- Enterprise Architect – Provides technical guidance for the long-term evolution of the technologies and platforms and the larger Nonfunctional Requirements (security, Compliance, performance, and more) for the portfolio solution set.
- Agile Program Management Office (APMO) – The APMO—along with the STEs and RTEs—is typically responsible for supporting decentralized, but efficient, program execution. The APMO provides support for standard reporting patterns, shared best practices, and growth and dissemination of institutional knowledge.
Cadence and Synchronization
Figure 1 also illustrates how the principles of cadence and synchronization apply as well to the Portfolio Level as they do to large solutions. The merits are the same:
- Making routine things routine, thus lowering the transaction costs associated with change
- Synchronizing the various aspects of multi-value stream solution development
Shared cadence also provides the opportunity and the mandate for the portfolio level solution (via business Epics) to move forward in sync with defined planning and integration points. Each creates the occasion to evaluate the solution set under development objectively.
These points are the only accurate measure of portfolio velocity. The more frequent the points, the faster we learn.
Starting New Portfolio Level Work
Figure 1 illustrates another vital concept: the portfolio cadence determines the rate and timing at which new portfolio level work can be added into the system. During each Program Increment (PI), the Agile Release Trains (ARTs) and Solution Trains are focused on the committed PI Objectives. If new work is added into the system in the interim, it causes substantial interruptions, task switching, realignment, and movement of people to new objectives. The portfolio cadence provides a reliable rhythm for introducing new portfolio work since teams sometimes cannot meet prior commitments and mix in significant unplanned work. It helps the programs achieve the predictability the enterprise depends on.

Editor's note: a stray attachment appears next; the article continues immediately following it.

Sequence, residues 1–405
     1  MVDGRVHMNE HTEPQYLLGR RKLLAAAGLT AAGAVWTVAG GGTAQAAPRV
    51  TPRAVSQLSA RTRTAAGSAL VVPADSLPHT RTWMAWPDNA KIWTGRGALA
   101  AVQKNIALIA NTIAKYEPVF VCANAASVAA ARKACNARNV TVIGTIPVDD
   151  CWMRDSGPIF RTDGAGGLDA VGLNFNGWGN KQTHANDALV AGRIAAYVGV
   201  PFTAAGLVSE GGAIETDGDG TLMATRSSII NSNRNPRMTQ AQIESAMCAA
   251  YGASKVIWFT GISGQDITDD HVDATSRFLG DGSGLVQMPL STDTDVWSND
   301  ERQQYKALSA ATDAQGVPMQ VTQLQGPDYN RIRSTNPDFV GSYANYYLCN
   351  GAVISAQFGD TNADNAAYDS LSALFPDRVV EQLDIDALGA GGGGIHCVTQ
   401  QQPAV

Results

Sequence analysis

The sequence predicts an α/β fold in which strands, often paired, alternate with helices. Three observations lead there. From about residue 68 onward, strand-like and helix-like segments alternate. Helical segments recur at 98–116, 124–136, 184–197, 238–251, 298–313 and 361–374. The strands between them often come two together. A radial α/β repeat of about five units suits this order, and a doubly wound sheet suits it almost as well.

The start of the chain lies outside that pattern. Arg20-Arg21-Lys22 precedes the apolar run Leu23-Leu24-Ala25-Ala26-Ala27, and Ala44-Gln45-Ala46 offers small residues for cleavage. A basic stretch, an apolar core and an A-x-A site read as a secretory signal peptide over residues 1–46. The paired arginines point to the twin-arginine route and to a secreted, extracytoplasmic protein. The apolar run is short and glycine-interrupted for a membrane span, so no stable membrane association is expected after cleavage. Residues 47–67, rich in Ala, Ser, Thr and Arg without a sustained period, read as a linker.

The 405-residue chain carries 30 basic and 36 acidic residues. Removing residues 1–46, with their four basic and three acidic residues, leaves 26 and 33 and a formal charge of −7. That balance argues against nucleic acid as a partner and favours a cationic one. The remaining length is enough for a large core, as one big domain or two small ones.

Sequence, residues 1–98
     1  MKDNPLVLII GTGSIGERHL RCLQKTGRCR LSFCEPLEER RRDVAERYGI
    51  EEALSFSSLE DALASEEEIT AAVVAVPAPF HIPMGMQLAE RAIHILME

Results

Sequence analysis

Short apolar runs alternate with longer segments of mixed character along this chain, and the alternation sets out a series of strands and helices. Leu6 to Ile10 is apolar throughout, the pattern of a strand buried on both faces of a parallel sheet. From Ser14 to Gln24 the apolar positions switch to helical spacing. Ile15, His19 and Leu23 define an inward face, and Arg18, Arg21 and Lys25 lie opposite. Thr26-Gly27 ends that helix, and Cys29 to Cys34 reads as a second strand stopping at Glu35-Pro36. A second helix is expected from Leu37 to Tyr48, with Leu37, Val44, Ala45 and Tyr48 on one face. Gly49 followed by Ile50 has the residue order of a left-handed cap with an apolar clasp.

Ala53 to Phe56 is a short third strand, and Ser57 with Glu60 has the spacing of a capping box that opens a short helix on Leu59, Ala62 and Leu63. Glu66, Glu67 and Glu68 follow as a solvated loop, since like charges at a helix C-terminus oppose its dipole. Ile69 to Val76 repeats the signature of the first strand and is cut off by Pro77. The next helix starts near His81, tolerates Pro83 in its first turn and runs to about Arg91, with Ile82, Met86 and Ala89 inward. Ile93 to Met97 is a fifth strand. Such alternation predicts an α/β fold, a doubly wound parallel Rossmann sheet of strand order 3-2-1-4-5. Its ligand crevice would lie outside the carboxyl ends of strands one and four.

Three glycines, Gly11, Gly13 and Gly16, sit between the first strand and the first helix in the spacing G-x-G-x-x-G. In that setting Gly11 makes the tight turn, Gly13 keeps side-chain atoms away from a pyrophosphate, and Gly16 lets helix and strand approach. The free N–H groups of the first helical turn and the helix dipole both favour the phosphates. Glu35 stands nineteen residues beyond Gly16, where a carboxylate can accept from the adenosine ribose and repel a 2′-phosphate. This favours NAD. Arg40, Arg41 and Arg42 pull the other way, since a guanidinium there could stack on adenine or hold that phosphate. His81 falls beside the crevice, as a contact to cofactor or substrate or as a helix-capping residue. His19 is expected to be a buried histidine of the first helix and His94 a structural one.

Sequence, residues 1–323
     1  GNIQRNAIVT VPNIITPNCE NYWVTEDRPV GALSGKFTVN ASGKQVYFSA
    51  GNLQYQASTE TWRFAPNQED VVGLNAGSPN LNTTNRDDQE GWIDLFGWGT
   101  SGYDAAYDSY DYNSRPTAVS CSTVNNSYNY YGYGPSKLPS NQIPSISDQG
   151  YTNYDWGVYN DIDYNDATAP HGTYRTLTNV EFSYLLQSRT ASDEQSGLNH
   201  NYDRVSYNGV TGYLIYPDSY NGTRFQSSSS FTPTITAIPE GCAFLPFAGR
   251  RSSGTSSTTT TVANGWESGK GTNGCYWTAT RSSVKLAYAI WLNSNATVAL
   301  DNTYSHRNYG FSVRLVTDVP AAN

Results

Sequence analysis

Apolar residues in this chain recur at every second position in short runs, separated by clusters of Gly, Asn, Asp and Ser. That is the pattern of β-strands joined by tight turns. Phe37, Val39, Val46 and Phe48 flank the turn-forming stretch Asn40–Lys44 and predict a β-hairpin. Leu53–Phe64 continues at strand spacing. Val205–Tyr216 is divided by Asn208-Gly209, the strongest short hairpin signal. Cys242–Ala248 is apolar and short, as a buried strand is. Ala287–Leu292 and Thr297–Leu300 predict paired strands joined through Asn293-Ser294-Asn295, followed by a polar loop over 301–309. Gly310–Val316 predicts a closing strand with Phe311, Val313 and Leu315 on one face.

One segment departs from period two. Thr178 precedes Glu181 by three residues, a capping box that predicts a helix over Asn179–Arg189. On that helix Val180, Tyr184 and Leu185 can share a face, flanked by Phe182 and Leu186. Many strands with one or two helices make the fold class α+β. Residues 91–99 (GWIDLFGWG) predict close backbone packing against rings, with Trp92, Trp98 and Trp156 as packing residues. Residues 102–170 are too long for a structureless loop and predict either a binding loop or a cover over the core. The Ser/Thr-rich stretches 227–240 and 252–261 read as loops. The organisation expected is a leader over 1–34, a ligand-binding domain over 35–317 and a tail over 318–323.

Through the Portfolio Kanban system, this cadence also establishes conventional mechanisms for Epic Owners, Enterprise Architects, and others managing epics. Any epic that’s not ready for PI Planning must wait for the next PI, even though resources may have been available. Timeboxing the cadence also limits Work in Process (WIP) for the new and substantial work that will be introduced into the system.
Clearly, at this level of the portfolio, a plan of intent must be evident. As Figure 1 illustrates, a portfolio Roadmap is a useful artifact that highlights how new content, primarily in the form of epics, contributes to the plan of intent. This higher-level view also provides the opportunity to integrate aspects of the lower-level roadmaps, and their associated Milestones, into a more comprehensive view, communicating the larger picture to the enterprise stakeholders.
Deployment and Release
Due to the nature of the value streams and dependencies, deploying integrated value may also depend on effective DevOps capabilities. In some cases, ARTs provide all the DevOps capability that’s needed. In others, there are additional considerations. These may even require dedicated or Shared Services and System Teams that help integrate the solution into a portfolio level release.
Last update: 31 October 2017